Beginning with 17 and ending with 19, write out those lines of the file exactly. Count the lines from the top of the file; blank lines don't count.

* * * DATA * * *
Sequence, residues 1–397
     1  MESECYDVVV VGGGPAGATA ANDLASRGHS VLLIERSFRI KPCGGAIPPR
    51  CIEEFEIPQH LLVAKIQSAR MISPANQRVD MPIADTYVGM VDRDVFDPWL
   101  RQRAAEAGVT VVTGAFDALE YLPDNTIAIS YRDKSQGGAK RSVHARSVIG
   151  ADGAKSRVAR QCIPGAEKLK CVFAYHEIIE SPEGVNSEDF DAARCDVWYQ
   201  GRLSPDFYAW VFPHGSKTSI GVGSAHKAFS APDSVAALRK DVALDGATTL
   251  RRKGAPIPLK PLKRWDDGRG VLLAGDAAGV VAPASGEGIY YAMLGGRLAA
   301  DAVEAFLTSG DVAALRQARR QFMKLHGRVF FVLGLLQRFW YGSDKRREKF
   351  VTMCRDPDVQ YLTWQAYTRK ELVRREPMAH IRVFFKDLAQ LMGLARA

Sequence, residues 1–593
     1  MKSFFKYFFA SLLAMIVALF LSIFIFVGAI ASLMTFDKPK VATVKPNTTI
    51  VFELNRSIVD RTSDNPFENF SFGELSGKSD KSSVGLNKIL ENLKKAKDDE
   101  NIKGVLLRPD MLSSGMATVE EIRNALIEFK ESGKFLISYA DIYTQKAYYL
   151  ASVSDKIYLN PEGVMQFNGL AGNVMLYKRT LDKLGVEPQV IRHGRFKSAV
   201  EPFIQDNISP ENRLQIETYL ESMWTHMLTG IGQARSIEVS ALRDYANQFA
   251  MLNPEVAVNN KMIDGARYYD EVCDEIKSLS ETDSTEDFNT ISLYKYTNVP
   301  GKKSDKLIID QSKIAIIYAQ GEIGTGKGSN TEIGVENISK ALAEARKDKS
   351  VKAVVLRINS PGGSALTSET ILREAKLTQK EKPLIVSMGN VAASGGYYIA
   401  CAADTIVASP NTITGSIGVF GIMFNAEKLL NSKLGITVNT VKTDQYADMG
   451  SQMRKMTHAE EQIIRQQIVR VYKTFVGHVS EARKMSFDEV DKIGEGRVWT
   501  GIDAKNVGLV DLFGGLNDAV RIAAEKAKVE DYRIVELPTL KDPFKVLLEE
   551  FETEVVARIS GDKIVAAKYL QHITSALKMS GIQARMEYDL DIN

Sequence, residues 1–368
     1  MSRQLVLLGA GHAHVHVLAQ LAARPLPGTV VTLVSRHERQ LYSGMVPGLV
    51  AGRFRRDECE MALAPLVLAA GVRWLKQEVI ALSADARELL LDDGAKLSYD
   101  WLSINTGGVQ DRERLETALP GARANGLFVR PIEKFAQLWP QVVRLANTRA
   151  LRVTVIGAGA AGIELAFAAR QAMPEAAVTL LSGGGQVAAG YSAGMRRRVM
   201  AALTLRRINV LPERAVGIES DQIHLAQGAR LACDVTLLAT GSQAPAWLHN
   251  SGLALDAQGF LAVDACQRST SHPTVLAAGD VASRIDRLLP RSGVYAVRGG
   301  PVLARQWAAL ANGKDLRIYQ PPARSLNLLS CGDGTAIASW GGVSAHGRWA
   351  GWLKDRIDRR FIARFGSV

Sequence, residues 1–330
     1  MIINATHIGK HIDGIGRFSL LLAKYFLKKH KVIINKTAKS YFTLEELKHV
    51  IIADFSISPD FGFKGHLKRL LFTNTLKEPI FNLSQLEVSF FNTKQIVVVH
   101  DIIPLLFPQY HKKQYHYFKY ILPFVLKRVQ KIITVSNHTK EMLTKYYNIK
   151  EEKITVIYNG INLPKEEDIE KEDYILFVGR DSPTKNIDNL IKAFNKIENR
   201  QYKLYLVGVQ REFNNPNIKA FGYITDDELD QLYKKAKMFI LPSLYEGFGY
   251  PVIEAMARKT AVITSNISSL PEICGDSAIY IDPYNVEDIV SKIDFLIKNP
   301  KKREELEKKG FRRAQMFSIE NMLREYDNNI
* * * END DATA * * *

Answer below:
   301  GKKSDKLIID QSKIAIIYAQ GEIGTGKGSN TEIGVENISK ALAEARKDKS
   351  VKAVVLRINS PGGSALTSET ILREAKLTQK EKPLIVSMGN VAASGGYYIA
   401  CAADTIVASP NTITGSIGVF GIMFNAEKLL NSKLGITVNT VKTDQYADMG